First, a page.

On Thursday, large crowds marched in numerous sections of Sudan’s capital and other cities in protest of the country’s troublesome transition from authoritarian leadership, as the crisis in the country’s troubled transition from authoritarian rule escalated.
Since President Omar al-Bashir was deposed in a popular revolt in 2019 after three decades in office, the military has shared power with civilian parties in a transitional government.
A coalition of rebel organizations and political parties has allied with the military, accusing civilian parties of mismanagement and power monopolization, and is attempting to remove the cabinet.
Civilian leaders say that this would amount to a coup and that the military aims to install a government it can control.
Thursday’s protest, which began at midday and continued after sundown, took place on the anniversary of the 1964 October Revolution that overthrew a military government and led to a period of parliamentary democracy.
It was preceded by days of smaller neighborhood protests.
Reuters journalists estimated the number of participants to be in the hundreds of thousands, making it the biggest demonstration of the transition.
In the city of Omdurman, protesters were met with heavy tear gas, eyewitnesses said. Six people were injured, said Mortada Alkanzi, deputy general manager of Omdurman Hospital.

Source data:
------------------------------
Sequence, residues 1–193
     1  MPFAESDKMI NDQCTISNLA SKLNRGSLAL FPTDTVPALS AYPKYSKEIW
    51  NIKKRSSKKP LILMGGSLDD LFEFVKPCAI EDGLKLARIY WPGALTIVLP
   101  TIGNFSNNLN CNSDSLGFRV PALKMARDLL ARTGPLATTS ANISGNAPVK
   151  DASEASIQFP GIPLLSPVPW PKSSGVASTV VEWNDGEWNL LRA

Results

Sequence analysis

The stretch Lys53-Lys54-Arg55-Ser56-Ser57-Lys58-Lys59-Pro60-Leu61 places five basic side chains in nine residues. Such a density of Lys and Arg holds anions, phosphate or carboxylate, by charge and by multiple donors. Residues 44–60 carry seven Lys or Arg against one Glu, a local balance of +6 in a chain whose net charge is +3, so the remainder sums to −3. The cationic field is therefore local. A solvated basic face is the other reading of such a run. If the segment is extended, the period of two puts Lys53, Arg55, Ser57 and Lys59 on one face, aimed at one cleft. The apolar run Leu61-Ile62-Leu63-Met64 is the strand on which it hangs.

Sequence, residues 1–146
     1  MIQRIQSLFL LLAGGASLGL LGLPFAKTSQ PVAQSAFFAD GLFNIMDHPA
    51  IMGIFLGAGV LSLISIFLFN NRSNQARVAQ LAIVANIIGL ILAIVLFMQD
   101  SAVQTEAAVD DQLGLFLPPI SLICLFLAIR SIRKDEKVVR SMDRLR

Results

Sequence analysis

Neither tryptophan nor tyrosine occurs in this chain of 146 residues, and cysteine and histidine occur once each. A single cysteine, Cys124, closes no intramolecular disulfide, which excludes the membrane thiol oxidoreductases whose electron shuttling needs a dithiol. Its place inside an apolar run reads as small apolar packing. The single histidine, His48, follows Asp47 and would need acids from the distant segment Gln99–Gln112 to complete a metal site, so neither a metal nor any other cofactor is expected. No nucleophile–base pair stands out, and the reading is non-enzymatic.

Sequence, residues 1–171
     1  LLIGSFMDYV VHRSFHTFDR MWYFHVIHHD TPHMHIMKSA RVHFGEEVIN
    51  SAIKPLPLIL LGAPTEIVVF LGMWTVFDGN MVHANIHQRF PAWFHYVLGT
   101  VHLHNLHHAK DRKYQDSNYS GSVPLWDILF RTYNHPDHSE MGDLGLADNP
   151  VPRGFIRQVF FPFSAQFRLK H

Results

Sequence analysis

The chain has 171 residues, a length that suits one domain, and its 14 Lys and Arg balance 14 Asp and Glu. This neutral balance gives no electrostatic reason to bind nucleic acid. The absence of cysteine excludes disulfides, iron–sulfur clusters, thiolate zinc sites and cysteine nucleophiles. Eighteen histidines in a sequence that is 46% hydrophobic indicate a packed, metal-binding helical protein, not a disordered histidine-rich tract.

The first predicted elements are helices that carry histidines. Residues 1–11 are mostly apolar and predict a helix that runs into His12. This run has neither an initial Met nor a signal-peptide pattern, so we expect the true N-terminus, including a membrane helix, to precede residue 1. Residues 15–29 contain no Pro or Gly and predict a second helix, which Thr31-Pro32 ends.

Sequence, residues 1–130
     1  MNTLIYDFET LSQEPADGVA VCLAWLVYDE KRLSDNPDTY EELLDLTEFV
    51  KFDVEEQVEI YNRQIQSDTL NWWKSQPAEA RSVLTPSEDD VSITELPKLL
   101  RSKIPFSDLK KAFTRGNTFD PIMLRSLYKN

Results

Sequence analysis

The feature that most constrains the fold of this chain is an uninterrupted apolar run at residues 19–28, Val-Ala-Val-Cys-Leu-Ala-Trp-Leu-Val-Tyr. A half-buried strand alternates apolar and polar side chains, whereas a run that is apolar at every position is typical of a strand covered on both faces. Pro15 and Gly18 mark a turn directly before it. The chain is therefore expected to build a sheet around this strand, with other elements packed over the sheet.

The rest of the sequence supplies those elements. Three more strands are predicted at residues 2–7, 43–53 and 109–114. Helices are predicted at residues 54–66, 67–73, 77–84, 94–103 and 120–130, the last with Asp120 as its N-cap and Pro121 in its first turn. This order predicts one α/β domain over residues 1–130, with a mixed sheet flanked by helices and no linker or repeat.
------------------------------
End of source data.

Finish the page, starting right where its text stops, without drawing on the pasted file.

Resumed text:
Plumes of smoke could be seen across the city as protesters burned tires and waved Sudanese flags.
Many chants were critical of the head of the ruling Sovereign Council, General Abdel Fattah Al-Burhan, accusing him of being loyal to Bashir. Some demanded he hand over leadership to civilians and others demanded his removal.
“This country is ours, and our government is civilian,” one chant said.
Several government ministers and officials were seen marching in different parts of Khartoum.
“October 21 is a lesson for any tyrants, loyalists, or opportunists deluded into thinking they can turn back the hands of time,” wrote civilian Sovereign Council member Siddig Tawer.
Neighborhood resistance committees said in a statement they were protesting against the entire power-sharing agreement and demanded sole civilian rule.
Many businesses in central Khartoum were closed in anticipation of the protest and there was an extensive police presence.
The military says it is committed to the transition to democracy and elections at the end of 2023.
Prime Minister Abdalla Hamdok, who leads the cabinet under a military-civilian power-sharing agreement, remains popular despite an economic crisis. He has said he is speaking to all sides in the crisis in order to find a solution.
In a statement Thursday evening, he said he saluted the protesters, saying “the crowds have made their voices heard and delivered their message that there is no going back from the goals of the revolution.”
Military-aligned groups led by former rebel leaders and current government officials Minni Minnawi and Jibril Ibrahim have held a sit-in in front of the Presidential Palace in downtown Khartoum since Saturday.
Protest routes were planned in other areas of the city to avoid a confrontation with the sit-in.
“We encourage demonstrators to be peaceful and remind them of the strong U.S. support for Sudan’s democratic transition,” the U.S. Embassy wrote on Twitter.